Shown above is the logo of the American Medical Association. It is a snake, wrapped around a pole. Of all the things doctors do and work with, why would the AMA pick a snake as the logo for their association? People don’t like snakes. And what do snakes have to do with doctors, anyway? When you think of doctors you might think of a stethoscope, or a thermometer, or a scalpel, or a bottle of pills, or a white jacket, or a needle for giving shots. There a hundred other things you would think of when you think of doctors and medical care before you would think of a snake.
I went to the AMA website for an explanation of their logo. It says there that the design comes from an ancient Greek symbol of medicine, which is the staff of Aesculapius. According to Greek mythology, Aesculapius was the son of the sun god Apollo and was gifted in the healing arts; and, he had learned a thing or two from watching one snake bring a dead snake back to life with some magical herbs.
The AMA should have instead based their logo on the Bible which has a better story of snakes and healing. The Old Testament book of Numbers tells of how Moses led the people through the wilderness to the promised land. God had just freed these people from slavery in Egypt, and they had seen God act on their behalf with one incredible miracle after another. One would think that they would have by then known enough to trust God. But there is no end to their grumbling and complaining, and now God, who for so long had been extremely patient, has had enough. Therefore, says Numbers 21:6: “The Lord sent venomous snakes among them, and they bit the people and many Israelites died.”
This finally got everyone’s attention and they realized how ungrateful they had been. They cried out to Moses, admitted their sin, and asked Moses to pray to God to forgive them and rid them of all those deadly snakes. So, says verse seven, Moses prayed for the people. And God answered the prayer– but NOT by taking the snakes away. God allowed the snakes to remain in the camp, and allowed them to continue biting the people with their deadly poison. God did, however, provide for a cure, as described in verses eight and nine: “The Lord said to Moses, ‘Make a snake and put it up on a pole; anyone who is bitten can look at it and live.’ Then when anyone was bitten by a snake and looked up at the bronze snake, he lived.” It was by obeying God and looking to a snake on a pole that they were healed. I think that would be a better story for the American Medical Association’s logo.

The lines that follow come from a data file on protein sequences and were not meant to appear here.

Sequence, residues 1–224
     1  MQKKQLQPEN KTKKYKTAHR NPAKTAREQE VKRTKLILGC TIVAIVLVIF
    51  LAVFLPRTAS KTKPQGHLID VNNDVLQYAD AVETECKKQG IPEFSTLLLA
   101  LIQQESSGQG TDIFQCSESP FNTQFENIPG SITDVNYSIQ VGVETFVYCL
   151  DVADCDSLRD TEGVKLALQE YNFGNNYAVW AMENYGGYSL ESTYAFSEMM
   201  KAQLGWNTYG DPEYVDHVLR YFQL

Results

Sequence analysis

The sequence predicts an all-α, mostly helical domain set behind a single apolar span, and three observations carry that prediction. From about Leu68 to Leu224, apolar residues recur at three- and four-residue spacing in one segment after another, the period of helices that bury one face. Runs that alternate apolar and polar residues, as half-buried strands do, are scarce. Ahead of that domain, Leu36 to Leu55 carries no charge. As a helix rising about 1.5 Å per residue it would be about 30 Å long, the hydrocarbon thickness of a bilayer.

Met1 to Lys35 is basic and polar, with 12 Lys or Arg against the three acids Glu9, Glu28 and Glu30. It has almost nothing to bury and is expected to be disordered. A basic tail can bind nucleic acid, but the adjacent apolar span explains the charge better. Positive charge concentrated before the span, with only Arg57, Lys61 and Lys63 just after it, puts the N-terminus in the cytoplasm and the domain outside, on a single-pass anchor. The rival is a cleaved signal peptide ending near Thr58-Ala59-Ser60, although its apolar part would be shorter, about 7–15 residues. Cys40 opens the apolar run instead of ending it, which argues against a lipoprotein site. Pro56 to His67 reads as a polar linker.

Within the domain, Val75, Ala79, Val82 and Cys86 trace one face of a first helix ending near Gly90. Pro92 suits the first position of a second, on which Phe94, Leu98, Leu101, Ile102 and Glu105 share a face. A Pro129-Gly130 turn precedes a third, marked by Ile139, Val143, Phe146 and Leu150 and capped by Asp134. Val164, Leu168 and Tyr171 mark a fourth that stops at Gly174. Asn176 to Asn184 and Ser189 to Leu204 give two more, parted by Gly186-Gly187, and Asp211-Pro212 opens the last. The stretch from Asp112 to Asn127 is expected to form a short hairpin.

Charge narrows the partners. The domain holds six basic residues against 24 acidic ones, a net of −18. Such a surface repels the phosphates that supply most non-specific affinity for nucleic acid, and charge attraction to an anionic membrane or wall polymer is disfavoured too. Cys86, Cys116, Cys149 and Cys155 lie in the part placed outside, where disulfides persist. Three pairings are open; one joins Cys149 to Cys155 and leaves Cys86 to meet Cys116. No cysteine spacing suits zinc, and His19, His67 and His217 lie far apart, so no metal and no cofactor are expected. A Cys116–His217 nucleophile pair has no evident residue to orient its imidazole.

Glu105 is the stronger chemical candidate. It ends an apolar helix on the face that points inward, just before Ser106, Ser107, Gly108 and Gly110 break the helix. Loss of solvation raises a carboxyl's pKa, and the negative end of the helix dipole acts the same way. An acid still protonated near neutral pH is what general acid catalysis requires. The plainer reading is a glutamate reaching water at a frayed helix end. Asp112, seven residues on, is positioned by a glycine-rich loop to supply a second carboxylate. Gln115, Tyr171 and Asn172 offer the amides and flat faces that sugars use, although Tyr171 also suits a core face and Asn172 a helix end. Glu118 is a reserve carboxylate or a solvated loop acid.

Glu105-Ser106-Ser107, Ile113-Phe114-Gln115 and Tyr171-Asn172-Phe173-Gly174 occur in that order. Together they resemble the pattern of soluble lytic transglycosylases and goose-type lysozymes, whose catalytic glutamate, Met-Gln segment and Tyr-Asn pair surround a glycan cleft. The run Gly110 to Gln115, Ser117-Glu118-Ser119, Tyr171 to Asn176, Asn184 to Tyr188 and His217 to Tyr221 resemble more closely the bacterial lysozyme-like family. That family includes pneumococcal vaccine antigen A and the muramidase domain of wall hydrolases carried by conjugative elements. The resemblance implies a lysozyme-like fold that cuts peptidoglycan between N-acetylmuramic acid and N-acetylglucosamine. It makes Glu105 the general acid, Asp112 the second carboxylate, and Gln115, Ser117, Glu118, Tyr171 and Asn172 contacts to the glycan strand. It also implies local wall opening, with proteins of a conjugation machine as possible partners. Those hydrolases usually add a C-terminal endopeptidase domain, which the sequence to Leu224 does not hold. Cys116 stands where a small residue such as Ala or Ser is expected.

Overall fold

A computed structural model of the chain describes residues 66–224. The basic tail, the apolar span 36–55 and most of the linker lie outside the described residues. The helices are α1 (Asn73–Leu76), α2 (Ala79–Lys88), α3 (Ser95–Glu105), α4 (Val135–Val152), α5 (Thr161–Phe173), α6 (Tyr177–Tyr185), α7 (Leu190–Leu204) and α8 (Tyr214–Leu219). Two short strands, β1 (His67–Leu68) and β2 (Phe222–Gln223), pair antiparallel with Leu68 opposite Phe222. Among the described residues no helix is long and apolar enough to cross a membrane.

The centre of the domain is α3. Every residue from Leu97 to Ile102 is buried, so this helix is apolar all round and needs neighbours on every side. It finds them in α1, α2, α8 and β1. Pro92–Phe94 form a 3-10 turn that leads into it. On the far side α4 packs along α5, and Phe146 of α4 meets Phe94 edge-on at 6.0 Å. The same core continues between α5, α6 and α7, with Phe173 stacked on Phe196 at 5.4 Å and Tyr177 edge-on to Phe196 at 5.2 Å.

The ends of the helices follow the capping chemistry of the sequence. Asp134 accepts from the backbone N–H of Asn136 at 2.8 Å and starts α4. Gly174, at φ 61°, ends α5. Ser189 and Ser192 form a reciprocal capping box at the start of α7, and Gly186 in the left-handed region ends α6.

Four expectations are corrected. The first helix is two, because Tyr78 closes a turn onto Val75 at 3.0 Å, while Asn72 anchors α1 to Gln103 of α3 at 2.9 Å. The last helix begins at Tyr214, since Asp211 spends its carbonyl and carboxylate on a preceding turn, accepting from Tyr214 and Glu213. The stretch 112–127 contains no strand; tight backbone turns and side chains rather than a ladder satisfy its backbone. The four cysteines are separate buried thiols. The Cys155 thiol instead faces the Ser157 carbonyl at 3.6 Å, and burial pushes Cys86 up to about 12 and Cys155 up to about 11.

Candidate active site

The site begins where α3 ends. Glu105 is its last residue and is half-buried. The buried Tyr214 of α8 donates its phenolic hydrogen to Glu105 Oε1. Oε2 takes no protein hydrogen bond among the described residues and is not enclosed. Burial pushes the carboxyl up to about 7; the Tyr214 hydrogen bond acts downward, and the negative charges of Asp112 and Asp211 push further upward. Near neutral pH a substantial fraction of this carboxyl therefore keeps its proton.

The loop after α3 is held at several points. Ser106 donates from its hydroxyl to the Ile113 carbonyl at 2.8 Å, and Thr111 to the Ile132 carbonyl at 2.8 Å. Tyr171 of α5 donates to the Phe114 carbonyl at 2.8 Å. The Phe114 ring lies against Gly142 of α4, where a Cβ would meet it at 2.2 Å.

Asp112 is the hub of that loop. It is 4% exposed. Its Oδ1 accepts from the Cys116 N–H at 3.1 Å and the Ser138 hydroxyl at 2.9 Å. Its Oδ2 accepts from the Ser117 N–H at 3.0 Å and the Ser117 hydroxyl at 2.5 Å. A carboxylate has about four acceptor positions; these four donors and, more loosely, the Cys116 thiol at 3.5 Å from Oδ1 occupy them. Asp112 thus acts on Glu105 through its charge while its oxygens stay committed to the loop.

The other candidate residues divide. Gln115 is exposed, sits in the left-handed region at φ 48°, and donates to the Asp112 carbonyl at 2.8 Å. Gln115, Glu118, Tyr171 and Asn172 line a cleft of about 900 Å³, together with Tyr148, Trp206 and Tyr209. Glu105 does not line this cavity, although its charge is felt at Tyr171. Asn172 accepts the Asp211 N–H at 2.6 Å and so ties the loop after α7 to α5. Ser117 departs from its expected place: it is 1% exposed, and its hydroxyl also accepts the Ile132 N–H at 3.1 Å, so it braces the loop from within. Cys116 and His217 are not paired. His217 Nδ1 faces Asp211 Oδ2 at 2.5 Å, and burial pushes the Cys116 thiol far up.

What a strange and powerful story this is! Think about it. The snakes remained in the camp, the camp where people lived and slept in tents. God allowed the snakes to remain and do their slithering around and biting everyone. What God did provide was a cure, a solution to the problem, and a chance to stay alive. But God did not take away the snakes.
This is an accurate illustration of what life is really like. When has God ever, in response to anyone’s prayer, taken away all their troubles? Never. That never happens. God heals, God delivers, God protects, God gives strength, God gives solutions and assistance in all sorts of ways– but never does God take ALL of the troubles away. Some of the irritations, the troubles, the heartache, the worry, the sadness, the stress, or whatever it is for you, remains. The ‘snakes’ remain in one form or another. And, just like in Numbers 21, as we continue to get bit by our troubles, we must continue to look up to God. If, in our present state of sin, God would ever bless us with a perfect life, the first thing we would do is forget all about God. That is the story of the Old Testament in a nutshell– the better things would go for the people, the more apt they would be to forget all about God. That’s the nature of human ingratitude.
This old story really does ‘tell it like it is.’ God provides rescue and deliverance in the midst of the problems that continue to plague us. Jesus himself picked up on this illustration and applied it to himself and his mission in the world saying, “Just as Moses lifted up the snake in the desert, so the Son of Man (Jesus), must be lifted up, (not on a pole but on a cross), so that everyone who believes in him may have eternal life” (John 3:14). (continued…)
Numbers 21:4-9 — They traveled from Mount Hor along the route to the Red Sea, to go around Edom. But the people grew impatient on the way; they spoke against God and against Moses, and said, “Why have you brought us up out of Egypt to die in the wilderness? There is no bread! There is no water! And we detest this miserable food!”
Then the Lord sent venomous snakes among them; they bit the people and many Israelites died. The people came to Moses and said, “We sinned when we spoke against the Lord and against you. Pray that the Lord will take the snakes away from us.” So Moses prayed for the people.
The Lord said to Moses, “Make a snake and put it up on a pole; anyone who is bitten can look at it and live.” So Moses made a bronze snake and put it up on a pole. Then when anyone was bitten by a snake and looked at the bronze snake, they lived. (NOTE: The verse says ‘anyone who is‘ bitten, not ‘was‘ bitten. The present tense indicates that the snakes were still there and people could still be bitten.)
Help me, O Lord, to make a true use of all disappointments and calamities in this life, in such a way that they may unite my heart more closely with you. Cause them to separate my affections from worldly things and inspire my soul with more vigor in the pursuit of true happiness. Amen.
–Susanna Wesley (1669-1742), mother of John and Charles Wesley and 17 other children